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96/24 Vs. 44.1/16 Vs. MP3 320

post #1 of 5
Thread Starter 

Dear all,

 

I wake up very early this morning, and as my wife did not want to speak with me at those hours, I had to occupy my time with a little experiment.

 

First aim was to find a way to verify if there is a way to verify that the process I am using to rip my CD's was properly implemented. I am using EAC with Accuraterip and an external converter for translating the files to Apple Lossless (convenience). I was a little afraid that the external converter wasn't good enough, so I read on Internet how to verify it:

 

1) Install Audacity

2) Import Audio File 1 (m4a file)

3) Import Audio File 2 (wav file direct from EAC)

4) Invert the first audio file

5) Mix and Render both

6) Look for any audio signal left after the process.

 

I was happy to verify that the process was working perfectly, and that any signal appear after the mix, as expected.

 

Then, I though it could be interesting to compress one audiofile from HDTracks to MP3 320 and see any difference, since in my kind of blind test I could not find any. Result: Yes, there are clearly audible differences between the files. 

 

The software I used to convert from 96/24 to mp3 is called "Switch Sound File Converter". I do not know what algoriythm it uses, only that it is VBR.

 

I use the same software to downsample the 96 file to lossless 44.1/16, and using the same procedure describe above to compare the differences with Audacity, I got nothing to hear (there was information, but it was at a very low volume); if I use the lowpass filter, even as low as 5kHz, I still have audio in there. I cannot listen to it because it is really low volume, but I though any difference would be above 22 kHz.

 

Can anybody please explain it to me? Why I have signal as such "low" frecuency?

 

Best Regards,

 

Daniel


Edited by daniel0407 - 2/1/14 at 3:14am
post #2 of 5

What method did you use for the blind test? Was it repeatable?  Did you volume match first?

 

Daniel - if you're open to using foobar - here's a quick 'beginner's guide' to setting up their abx tool.  You can apply replay gain as well - so that you make sure the two tracks are volume matched.  Then you've got grounds for a good test.

 

Link : http://www.head-fi.org/t/655879/setting-up-an-abx-test-simple-guide-to-ripping-tagging-transcoding

 

Sorry - I can't answer your low pass question - but there are guys here who will be able to.

post #3 of 5
When you are converting to a lower bit depth, quantization error may add noise to the signal which includes lower frequencies.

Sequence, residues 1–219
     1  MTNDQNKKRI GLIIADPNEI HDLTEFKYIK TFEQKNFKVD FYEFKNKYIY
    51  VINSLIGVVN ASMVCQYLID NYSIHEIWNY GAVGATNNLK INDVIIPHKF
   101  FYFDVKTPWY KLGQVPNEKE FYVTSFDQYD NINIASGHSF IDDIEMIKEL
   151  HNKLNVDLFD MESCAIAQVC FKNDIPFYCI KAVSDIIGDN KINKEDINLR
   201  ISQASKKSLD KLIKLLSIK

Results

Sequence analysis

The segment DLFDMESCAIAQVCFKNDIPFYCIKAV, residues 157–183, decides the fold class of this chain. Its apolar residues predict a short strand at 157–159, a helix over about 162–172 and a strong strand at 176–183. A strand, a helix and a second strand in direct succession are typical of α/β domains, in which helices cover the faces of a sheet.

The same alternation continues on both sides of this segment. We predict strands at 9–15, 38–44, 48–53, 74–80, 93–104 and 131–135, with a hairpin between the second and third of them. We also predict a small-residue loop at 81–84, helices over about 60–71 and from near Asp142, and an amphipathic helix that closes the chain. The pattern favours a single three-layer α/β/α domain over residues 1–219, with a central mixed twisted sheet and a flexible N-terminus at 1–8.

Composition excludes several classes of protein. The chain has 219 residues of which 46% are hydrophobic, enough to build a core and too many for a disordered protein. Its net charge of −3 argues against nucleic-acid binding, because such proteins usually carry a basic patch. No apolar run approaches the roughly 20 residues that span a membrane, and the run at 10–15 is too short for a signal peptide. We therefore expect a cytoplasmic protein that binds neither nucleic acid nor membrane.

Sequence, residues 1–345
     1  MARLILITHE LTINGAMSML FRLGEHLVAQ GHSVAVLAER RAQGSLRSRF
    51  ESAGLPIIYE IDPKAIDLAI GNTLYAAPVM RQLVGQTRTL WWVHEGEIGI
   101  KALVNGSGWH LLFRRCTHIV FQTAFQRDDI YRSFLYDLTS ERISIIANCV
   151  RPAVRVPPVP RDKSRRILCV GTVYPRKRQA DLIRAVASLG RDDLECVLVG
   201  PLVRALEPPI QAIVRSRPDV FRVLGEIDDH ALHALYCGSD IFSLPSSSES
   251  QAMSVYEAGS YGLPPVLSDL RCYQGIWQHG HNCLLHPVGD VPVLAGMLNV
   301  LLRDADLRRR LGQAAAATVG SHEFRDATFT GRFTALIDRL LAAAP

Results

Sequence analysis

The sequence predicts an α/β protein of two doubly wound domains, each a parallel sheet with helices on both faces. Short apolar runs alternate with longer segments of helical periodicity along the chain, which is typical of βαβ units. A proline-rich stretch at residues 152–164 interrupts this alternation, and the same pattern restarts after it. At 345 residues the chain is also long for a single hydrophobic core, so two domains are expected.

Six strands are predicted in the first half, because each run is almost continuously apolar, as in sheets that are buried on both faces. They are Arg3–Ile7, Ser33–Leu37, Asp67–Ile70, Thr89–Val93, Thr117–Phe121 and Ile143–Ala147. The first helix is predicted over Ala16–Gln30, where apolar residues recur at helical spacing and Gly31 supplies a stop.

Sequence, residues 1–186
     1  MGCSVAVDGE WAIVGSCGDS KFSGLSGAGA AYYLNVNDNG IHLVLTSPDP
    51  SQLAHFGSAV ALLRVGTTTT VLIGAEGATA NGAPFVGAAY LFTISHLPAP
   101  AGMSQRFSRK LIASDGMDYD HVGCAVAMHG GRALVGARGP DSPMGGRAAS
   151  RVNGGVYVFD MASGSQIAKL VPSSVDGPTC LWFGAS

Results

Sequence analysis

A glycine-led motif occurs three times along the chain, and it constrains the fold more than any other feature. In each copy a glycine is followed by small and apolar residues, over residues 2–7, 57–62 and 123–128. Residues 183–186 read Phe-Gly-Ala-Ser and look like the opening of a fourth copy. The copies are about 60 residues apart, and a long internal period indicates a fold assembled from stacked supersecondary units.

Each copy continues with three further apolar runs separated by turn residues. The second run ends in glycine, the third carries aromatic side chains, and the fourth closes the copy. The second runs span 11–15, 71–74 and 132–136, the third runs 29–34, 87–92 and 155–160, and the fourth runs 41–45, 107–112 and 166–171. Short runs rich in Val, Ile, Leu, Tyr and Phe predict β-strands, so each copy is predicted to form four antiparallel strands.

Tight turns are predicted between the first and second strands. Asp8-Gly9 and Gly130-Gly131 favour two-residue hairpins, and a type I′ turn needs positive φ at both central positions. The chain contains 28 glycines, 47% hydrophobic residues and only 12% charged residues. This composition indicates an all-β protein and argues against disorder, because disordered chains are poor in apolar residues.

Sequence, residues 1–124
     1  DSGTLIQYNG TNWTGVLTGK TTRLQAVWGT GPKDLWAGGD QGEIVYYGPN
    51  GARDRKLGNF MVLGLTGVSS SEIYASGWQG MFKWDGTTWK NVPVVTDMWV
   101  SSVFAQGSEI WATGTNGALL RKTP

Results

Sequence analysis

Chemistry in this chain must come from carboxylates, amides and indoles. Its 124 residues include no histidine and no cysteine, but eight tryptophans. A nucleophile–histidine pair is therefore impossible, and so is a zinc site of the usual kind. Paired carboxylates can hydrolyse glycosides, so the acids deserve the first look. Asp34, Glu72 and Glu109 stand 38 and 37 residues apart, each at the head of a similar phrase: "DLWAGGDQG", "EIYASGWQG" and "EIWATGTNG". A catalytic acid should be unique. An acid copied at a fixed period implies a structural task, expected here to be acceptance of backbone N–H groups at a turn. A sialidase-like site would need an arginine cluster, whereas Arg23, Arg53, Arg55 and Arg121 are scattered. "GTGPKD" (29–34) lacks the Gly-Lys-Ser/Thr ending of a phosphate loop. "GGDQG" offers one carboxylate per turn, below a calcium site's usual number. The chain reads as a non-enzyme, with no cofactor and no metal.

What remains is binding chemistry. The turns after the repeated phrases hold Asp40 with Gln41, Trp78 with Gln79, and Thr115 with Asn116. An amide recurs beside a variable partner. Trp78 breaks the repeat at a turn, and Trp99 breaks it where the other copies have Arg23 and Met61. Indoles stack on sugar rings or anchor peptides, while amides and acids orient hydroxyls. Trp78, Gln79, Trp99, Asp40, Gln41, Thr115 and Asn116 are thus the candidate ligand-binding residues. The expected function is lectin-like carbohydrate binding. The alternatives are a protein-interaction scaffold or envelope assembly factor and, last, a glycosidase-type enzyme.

As for mp3 you can try using an up-to-date mp3 encoder.
Edited by higbvuyb - 2/1/14 at 7:50am
post #4 of 5
Thread Starter 

Dear all,

 

I realise I made two mistakes:

 

1) When applying the low pass filter, I did not use enough "roll off" per octave, only 6dB. Now I applied 48dB at 20kHz, but I am still getting audio signal below this frequency. I amplified the remaining signal 45 dB, and I could hear the song, with bad quality, lot of hiss, but a many many frequencies were there. I am very confuse with it. Could somebody please explain why a very big portion of the song is still there, after "nulling" it using the two different sampling rates? Volume looks the same for the two files. Could it be that there is a very very little tiny difference in volume created by the software, when downsampling the file? If so, how can one avoid this and test the difference properly?

 

2) When comparing MP3 vs HD File, it could be that both files does not have the same volume, which could be the reason behind this big quality difference. As mentioned, could be that the mp3 algorithm is modifying the volume level of the resulting audio file. Is there a way to reduce the volume of the MP3 accurately to match that of the HD File?

 

Thanks again,

 

Daniel


Edited by daniel0407 - 2/1/14 at 10:16am
post #5 of 5

It is common for MP3 encoding/decoding to slightly decrease the volume. It will also normally produce a relatively large difference signal, but the noise is psycho-acoustically "optimized" so that it is masked well by the original signal.

 

If you get too much difference with the resampler, it may be due to one of these reasons:

- perhaps it is a bad resampler. :normal_smile : Try the SoX sample rate converter, or the one from the third link in my signature for accurate results

- there may be a small volume difference. Even if the volume is "off" by only 0.01 dB, which is inaudible, you get a -60 dB difference signal

- there could be a slight delay - even if only a fraction of a sample - in the output of the resampler. If this is the case, the difference will sound highpass filtered (increasing by 6 dB/octave over the entire band)

Edit: also, if the resampler uses a minimum phase filter, you will not get an accurate null difference.


Edited by stv014 - 2/2/14 at 11:29am
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